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    • October 2011
    • 9780231157599
  • 280 Pages
  • 13 halftones

  • Paperback
  • $22.95
  • / £16.00

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    • October 2011
    • 9780231157582
  • 280 Pages
  • 13 halftones

  • Hardcover
  • $70.00
  • / £48.50

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    • October 2011
    • 9780231527378
  • 280 Pages
  • 13 halftones

  • E-book
  • $21.99
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What Does a Jew Want?

On Binationalism and Other Specters

Udi Aloni. with Slavoj Žižek, Alain Badiou, and Judith Butler

In the hopes of promoting justice, peace, and solidarity for and with the Palestinian people, Udi Aloni joins with Slavoj Zizek, Alain Badiou, and Judith Butler to confront the core issues of the Israeli-Palestinian conflict. Their bold question: Will a new generation of Israelis and Palestinians dare to walk together toward a joint Israel-Palestine? Through a collage of meditation, interview, diary, and essay, Aloni and his interlocutors present a personal, intellectual, and altogether provocative account rich with the insights of philosophy and critical theory. They ultimately foresee the emergence of a binational Israeli-Palestinian state, incorporating the work of Walter Benjamin, Edward Said, and Jewish theology to recast the conflict in secular theological terms.

About the Author

Udi Aloni is an Israeli/American writer and filmmaker whose work explores the discourse between art, theory, and action. His art projects have been presented in leading museums and galleries, including The Metropolitan Museum of Art, and his films Kashmir: Journey to Freedom (2009), Forgiveness (2006), and Local Angel (2003) have been screened at the Berlin International Film Festival, among other prominent venues. This book was published shortly after the murder of his dear friend, Juliano Mer Khamis, director of The Freedom Theater in Jenin Refugee Camp, where Aloni helped him run the Cinema Department.

"A provocative and beautiful portfolio of reflections on Israel-Palestine, written by an Israeli artist/intellectual of the first order." — Juilia Reinhard Lupton, University of California, Irvine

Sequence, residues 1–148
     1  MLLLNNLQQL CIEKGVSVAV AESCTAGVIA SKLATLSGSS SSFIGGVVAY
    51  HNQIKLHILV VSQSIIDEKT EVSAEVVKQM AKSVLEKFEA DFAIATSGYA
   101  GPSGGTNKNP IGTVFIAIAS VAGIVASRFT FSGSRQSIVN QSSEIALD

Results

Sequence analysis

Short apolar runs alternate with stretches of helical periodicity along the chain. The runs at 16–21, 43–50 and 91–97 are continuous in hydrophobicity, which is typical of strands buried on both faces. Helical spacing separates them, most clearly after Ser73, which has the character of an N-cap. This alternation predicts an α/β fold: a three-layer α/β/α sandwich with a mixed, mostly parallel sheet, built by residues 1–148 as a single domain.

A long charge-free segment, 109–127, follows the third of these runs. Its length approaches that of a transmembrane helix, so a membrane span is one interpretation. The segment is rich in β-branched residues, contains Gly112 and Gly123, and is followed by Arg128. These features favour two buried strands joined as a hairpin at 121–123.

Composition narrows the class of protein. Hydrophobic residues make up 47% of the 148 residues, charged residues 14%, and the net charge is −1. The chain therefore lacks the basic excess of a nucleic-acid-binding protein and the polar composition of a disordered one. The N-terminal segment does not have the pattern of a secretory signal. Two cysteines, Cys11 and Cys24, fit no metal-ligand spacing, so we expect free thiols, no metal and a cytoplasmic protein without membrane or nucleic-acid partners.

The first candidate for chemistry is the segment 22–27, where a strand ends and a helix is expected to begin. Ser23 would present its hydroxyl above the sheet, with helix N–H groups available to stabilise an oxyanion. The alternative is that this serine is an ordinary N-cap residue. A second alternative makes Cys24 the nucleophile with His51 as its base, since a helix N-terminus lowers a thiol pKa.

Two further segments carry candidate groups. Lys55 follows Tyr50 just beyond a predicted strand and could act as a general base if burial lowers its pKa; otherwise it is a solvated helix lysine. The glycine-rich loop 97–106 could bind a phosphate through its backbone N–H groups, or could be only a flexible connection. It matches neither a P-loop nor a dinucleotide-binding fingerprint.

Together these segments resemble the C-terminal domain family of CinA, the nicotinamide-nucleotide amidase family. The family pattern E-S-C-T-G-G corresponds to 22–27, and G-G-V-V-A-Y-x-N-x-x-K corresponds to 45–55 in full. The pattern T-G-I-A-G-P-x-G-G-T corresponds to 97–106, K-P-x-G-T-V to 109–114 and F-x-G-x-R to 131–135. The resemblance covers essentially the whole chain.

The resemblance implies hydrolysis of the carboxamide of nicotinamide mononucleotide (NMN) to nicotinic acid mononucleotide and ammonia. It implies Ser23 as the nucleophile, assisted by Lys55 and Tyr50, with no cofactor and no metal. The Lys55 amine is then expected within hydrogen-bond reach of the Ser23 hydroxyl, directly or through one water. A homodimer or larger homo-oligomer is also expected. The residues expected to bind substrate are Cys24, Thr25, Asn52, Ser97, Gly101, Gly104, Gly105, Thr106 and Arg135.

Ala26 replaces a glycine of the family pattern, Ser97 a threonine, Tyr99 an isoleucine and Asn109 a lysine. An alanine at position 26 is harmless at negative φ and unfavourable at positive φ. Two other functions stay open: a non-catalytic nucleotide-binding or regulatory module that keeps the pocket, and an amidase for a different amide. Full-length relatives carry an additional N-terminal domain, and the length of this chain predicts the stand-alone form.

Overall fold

"This is an extremely inspiring and politically important volume. It will interest students and scholars in the fields of literary studies, religious studies, philosophy, political theory, and cultural studies, as well as the general educated public. The psychoanalytically informed and politically engaged readings of myths and stories from the Bible are especially convincing and truly innovative." — Katrin Pahl, Johns Hopkins University

"Udi Aloni has written a remarkable series of love letters to what his country could be, challenging his fellow Jews to escape from all of our ghettos, whether physical or psychological. Aloni's political courage is contagious and reading him is a libratory experience." — Naomi Klein, social activist and author of The Shock Doctrine: The Rise of Disaster Capitalism

"Aloni's secular theology is definitely one of the most fascinating innovations of our time. So, if you want to dwell in your blessed secular ignorance, then do not read this book& mdash;at your own risk!" — Slavoj Žižek

"Udi Aloni provides us with a measure of the distance between our capacity for understanding and the terrors we choose instead. His art is trembling the underground, indeed. Boundless admiration." — Tony Kushner

About the Author

Udi Aloni is an Israeli/American writer and filmmaker whose work explores the discourse between art, theory, and action. His art projects have been presented in leading museums and galleries, including The Metropolitan Museum of Art, and his films Kashmir: Journey to Freedom (2009), Forgiveness (2006), and Local Angel (2003) have been screened at the Berlin International Film Festival, among other prominent venues. This book was published shortly after the murder of his dear friend, Juliano Mer Khamis, director of The Freedom Theater in Jenin Refugee Camp, where Aloni helped him run the Cinema Department.

Foreword, by Judith Butler
Editor's Introduction, by Slavoj Zizek
Acknowledgments
Prologue: The Visit of the Three Magi in the Holy Land
Slavoj Zizek in Ramallah: Back to the Trauma Zone, by Merav Yudilovitch
Alain Badiou in Haifa: Their Entire Particular World
Judith Butler in Sheikh-Jarrah: "This place which is called Israel"
1 Theology: "Specters of Binationalism"
A Manifesto for the Jewish-Palestinian Arab-Hebrew State
Why We Support Boycott, Divestment, and Sanctions
The Star of Redemption with a Split ?
2 Body